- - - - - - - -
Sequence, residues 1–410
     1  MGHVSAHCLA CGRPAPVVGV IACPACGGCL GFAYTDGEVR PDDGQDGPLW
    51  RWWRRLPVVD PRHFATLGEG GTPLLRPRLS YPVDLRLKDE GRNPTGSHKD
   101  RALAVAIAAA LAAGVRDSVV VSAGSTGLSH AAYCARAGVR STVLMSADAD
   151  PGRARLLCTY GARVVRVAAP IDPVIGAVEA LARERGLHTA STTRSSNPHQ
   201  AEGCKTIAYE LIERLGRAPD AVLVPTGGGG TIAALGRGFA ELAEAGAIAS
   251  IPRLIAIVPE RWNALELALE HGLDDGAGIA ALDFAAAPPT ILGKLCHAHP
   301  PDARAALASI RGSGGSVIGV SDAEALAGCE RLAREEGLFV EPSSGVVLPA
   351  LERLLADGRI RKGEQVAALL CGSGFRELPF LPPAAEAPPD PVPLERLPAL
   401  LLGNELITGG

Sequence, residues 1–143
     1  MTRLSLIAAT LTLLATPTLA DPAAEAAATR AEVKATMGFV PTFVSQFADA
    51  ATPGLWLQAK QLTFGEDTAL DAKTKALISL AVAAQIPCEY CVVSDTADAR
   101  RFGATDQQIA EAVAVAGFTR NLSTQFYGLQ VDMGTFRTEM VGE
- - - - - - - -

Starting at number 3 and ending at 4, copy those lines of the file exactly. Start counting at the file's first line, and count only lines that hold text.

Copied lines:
    51  RWWRRLPVVD PRHFATLGEG GTPLLRPRLS YPVDLRLKDE GRNPTGSHKD
   101  RALAVAIAAA LAAGVRDSVV VSAGSTGLSH AAYCARAGVR STVLMSADAD